“I certainly was very productive” bugger!

    In my hurry to get to H&P’s for a spot of Thai chicken soup, I left a couple of words out….

    I thought it certainly was very productive.

  13. David N. Andrews MEd (graduating Dec2006) said,

    3 November 2006 at 15:06

    Wow… this post is going to be long….

    “David and Andrea,
    What you are describing here may indeed prove helpful to me.”

    :)

    “My test scores have never been practical. Instead Ive learned over much time and effort to attain the support that I need, that people giving the test begin with an agenda. It would be fine for those giving the test if they found that how I scored might meet their agenda but I dont.”

    The agenda… therein begins the bullshit aspect of psychometrics. :/

    The agenda should be about things that one wishes to find out about the person in order to provide appropriate support. This was Binet’s intention that the test he developed, and it has (very confirmingly of his fears) been left out of the equation… the tests are now used mostly to exclude. To me, as a psychologist, this is an abuse of the testing protocols used.

    “I actually do have the deficeits they describe but I have failed to show how my strengths could be described better and therefore utilized practically. I have many abilties and Im grateful for them. If I choose to not be considered smart its not because Im seeing myself as less than or putting myself down.”

    I’m not sure if they should be called ‘deficits’, per se; certainly ‘differences’ would descibe things best (since they come mostly from perceptual issues which are known to be quite different; see Michelle Dawson’s new post on what Simon Baron-Cohen has to say on perception in autism. I’m wondering how you could actually get your strengths recognised; it’s clear that you have a great many… if not, you would have difficulties with my posts, since when I get going I can get very theoretical and technical. The problem seems that the standardised tests used with you have not been appropriate for the job: sure, it is useful to know what areas one needs support in, but it is also important to know what strengths you have too, so that you can “use those strengths to get round the issues that the ‘perceived deficits’ don’t help with'”, as I said last year, at a conference in Tampere.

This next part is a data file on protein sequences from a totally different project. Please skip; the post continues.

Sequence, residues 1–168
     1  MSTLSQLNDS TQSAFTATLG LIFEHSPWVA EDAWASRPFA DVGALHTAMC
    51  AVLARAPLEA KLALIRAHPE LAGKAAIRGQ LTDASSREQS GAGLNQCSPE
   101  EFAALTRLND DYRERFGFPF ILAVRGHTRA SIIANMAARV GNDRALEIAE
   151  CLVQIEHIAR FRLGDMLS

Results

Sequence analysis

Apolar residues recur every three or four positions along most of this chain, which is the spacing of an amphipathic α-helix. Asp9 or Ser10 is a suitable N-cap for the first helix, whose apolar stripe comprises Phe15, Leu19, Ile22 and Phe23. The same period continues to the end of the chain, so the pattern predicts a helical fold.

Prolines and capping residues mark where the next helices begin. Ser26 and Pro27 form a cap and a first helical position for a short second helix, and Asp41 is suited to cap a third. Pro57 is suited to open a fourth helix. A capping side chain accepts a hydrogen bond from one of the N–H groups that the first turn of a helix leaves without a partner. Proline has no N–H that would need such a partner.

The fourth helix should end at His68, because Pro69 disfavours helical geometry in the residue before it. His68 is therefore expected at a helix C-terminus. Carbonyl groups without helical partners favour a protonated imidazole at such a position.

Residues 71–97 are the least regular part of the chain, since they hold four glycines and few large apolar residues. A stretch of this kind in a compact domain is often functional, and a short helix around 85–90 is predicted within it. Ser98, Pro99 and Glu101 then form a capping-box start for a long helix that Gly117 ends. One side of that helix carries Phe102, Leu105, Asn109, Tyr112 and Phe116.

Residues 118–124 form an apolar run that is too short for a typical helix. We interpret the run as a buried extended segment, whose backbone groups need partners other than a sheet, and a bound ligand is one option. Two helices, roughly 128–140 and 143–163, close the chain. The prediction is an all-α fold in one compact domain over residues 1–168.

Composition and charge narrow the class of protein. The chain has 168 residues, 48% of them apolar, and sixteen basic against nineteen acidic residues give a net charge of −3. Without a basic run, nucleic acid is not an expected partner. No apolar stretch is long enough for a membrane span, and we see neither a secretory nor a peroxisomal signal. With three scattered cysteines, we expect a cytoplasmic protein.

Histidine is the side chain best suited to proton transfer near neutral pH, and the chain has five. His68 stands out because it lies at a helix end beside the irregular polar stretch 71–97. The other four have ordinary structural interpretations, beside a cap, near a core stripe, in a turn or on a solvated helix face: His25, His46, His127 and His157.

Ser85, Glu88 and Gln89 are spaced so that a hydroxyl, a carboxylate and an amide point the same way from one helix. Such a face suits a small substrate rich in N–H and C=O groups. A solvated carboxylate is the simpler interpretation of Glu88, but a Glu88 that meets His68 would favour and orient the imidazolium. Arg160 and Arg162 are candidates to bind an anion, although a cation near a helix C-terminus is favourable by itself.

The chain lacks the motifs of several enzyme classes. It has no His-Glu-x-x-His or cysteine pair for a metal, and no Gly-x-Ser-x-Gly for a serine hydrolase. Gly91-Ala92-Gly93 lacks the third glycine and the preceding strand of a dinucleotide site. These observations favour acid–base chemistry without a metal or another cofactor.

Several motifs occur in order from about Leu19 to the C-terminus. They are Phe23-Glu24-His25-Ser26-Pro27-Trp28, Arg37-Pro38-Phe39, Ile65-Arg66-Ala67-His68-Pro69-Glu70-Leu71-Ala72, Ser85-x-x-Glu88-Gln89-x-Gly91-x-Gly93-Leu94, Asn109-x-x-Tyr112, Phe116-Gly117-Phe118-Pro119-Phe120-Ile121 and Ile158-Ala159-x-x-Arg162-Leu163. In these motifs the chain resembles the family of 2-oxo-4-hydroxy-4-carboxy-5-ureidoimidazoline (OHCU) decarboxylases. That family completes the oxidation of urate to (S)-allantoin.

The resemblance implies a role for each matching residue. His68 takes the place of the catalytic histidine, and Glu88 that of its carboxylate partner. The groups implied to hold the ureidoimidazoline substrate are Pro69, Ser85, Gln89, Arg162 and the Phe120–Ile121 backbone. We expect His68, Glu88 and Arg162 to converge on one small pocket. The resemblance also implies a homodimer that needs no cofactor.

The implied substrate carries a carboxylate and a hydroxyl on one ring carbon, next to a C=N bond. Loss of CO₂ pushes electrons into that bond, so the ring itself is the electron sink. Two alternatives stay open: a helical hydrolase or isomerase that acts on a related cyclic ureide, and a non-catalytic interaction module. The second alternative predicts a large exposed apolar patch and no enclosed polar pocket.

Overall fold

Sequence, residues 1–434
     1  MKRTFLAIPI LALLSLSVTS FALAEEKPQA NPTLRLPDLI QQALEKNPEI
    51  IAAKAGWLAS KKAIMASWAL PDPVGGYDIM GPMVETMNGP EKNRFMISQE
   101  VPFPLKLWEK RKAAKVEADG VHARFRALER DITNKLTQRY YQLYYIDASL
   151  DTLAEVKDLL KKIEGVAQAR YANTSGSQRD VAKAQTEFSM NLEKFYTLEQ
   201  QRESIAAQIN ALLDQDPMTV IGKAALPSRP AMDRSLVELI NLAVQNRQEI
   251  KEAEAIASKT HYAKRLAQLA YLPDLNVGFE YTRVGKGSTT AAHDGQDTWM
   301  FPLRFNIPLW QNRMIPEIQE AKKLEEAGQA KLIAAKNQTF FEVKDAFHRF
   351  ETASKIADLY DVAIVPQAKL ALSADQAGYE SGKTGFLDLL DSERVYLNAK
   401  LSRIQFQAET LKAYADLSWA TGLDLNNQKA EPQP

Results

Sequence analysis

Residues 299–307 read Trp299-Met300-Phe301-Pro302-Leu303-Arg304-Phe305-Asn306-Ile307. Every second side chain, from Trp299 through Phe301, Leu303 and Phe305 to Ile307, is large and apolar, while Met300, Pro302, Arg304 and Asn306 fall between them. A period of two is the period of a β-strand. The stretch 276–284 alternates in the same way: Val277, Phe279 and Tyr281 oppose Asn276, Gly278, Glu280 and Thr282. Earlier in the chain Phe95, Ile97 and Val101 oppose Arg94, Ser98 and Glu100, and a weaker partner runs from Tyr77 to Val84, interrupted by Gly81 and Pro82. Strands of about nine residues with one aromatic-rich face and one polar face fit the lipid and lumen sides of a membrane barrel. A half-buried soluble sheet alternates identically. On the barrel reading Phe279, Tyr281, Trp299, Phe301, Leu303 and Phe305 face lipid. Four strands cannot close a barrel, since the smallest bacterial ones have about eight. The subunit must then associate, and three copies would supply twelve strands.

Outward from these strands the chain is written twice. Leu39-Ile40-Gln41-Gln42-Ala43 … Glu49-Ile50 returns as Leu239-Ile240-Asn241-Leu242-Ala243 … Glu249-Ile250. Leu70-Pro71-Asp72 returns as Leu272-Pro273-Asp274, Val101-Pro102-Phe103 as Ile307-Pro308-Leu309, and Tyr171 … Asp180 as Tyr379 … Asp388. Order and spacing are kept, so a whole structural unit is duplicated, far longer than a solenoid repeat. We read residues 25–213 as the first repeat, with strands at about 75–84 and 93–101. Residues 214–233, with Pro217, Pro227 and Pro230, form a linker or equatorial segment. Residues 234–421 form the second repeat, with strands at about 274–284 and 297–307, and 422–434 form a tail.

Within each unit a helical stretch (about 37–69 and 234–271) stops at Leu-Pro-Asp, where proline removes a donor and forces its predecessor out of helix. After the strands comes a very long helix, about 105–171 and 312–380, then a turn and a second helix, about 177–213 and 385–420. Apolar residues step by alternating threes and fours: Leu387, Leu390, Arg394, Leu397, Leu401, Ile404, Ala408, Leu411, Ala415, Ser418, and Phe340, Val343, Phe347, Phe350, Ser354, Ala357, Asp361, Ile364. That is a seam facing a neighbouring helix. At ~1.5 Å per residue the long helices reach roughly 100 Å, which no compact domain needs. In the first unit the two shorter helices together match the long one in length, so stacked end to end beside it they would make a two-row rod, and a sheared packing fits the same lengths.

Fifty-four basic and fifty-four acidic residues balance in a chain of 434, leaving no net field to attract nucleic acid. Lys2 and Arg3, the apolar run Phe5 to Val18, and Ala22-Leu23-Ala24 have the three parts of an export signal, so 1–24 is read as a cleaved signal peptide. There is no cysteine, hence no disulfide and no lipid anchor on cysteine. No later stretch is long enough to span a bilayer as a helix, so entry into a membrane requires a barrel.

“Its certainly not because I want pity.”

    Same here… have you seen Amanda’s “Piss On Pity” t-shirt? :)

    “However that seems to be the only way most people can see it because too often they need a conveinient way to dismiss people rather than take the extra time and effort to do what they consider ‘widen the gate’.”

    Absolutely. The laziness is really on the majority side, with regard to thinking properly about things… safety in numbers, basically (and bugger all to do with being right).

    “I hate being pitied for the same reasons Andrea described (Im now trying to address both of you, you too Andrea. If this is productive, I hope either of you will respond).”

    I think that it is very productive. Basically, we’re discussing issues that relate to being on the spectrum, and we can see that – despite the differences in test-results – we can communicate (ergo, the test results are not being used correctly in your case), and we can recognise in each other something that we can relate to from our own respective experiences.

    “Just as families can create the “looping effect”, societies norms can create an even bigger challenge.”

    Absolutely. I wrote on this topic for what would be my BA(Ed) thesis (if I can get the actual degree from Oulu).

    “Society too often acts as the extended family and conditions people to not only fail but to be seen by others as failing which can create this looping effect.”

    This is a very accurate perception, Ed.

    “My time on the streets and in mental institutions has given me quite an education. I believe strongly that the conditions that put people in these places or situations are rarely understood. Once there, its very hard to break away from that realm. Really I was just fortunate to have done so. Many are not so fortunate.”

    Again… very accurate perception. You’ve seen this side of how society works first hand, and you – to use Spearman’s laws – have apprehended that reality, and you have identified the relationships between those salient points too; you may even have been able to educe the correlates that help with extrapolating into generalities, but might have difficulties in finding the words to express the non-verbal/pre-verbal ideas that you hold in your mind on this point.